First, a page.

This I Believe
I started volunteering at the Incarnate Word Retirement Community in the summer after the fifth grade. My mom did it, and being a friendless fifth grader with nothing to do, I tagged along. Two o’clock was teatime and everyday we were there to serve the extended care sisters their tea and assist whatever the afternoon activity might be. In the beginning it was hard for me to relate to any of them. They were old, I was not. The sisters were all dependent on the volunteers for the most basic survival necessities while I was on the verge of blossoming into my inherent need for independence. After a few weeks of going I began to acclimate to my afternoon outings, sometimes when my mom could not make the afternoon due to teaching summer school, I would take the bus two miles down the road. All day the sisters would idle in their wheelchairs waiting for their next meal, activity, visitor and ultimately to pass on from this life to the next. Wednesday is bingo day and Sister Bridget Mary would always save me a seat, call me her “good luck charm” she did normally win at least once, but most of the Sisters playing ended up winning something, even if it’s only a sticker or something insignificant like that. I soon began to feel comfortable with my newfound friends, they always seemed so elated to have someone, anyone come see them. Their faces would light up at the sight of any visitor; they were always so gracious that when it was finally time to leave I felt guilty for not devoting more time. Whenever I would finish wheeling one of them around to the chapel, dinning room or their rooms they would always deliver the phrase, “God bless you child.” At first this made me quite uncomfortable because I never felt blessed, or deserving of such gratuitous departing words. These women had devoted their entire life to selflessly serving others and guiltily I felt that the least I could do to repay them was to cart them around in their wheelchairs.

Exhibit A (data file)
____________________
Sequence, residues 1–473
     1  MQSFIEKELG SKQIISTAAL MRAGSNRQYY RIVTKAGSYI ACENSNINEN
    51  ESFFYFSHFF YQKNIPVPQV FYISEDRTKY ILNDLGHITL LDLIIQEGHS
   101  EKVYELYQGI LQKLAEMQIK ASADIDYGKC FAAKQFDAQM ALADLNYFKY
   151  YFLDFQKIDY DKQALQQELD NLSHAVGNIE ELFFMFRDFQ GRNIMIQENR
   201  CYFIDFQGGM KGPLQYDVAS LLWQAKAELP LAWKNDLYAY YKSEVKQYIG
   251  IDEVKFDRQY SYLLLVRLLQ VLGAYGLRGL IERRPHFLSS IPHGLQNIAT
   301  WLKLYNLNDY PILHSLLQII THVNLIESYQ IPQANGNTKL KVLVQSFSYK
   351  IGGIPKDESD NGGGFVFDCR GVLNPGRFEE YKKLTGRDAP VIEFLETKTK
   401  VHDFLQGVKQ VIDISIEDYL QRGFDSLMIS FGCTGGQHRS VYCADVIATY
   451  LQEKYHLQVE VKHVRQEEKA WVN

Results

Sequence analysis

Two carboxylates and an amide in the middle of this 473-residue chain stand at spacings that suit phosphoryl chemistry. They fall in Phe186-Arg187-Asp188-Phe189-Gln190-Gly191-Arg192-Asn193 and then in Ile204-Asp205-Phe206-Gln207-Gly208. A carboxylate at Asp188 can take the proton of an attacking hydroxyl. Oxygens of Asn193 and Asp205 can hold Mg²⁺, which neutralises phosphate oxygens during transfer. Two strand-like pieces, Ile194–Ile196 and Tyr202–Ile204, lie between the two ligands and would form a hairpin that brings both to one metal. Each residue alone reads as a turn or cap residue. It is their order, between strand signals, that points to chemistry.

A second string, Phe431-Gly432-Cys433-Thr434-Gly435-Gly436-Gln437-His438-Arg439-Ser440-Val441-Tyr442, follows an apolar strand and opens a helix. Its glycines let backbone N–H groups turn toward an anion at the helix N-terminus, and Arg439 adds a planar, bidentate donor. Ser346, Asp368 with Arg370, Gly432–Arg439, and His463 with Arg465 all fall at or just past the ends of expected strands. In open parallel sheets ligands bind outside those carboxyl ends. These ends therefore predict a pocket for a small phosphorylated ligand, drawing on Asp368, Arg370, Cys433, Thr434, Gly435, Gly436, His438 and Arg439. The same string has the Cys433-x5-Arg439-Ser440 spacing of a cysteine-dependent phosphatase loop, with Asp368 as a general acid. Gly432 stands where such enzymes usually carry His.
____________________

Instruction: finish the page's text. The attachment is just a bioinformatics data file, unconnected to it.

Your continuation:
After a little while, the Sisters that I got close to began to pass away. First was Sister Mary Eileen Birmingham who was a sharp piranha of a woman that demanded that her name be said in its entirety whenever spoken. That was the first time I had ever really had to deal with death and didn’t scare me or anything like that, just made me feel bad. I missed Sister Mary Eileen Birmingham telling me that she was going to give me a kick in the pants for the way I smiled at her, I even felt nostalgic for the time that she slapped me for never being kind enough to her sister that had passed away years before I was born. It made me miss the way the light of the sun would reflect off of her docile blue eyes, whenever she would allow someone to push her outside. I had a really hard time going back after her death, but all the rest of the nuns told me that she was in a better place, that she was no longer suffering, I don’t know if I will ever believe that, but I believe that she’s watching me wherever I go, that she will always be vigilantly ready to give anyone a kick in the pants for me.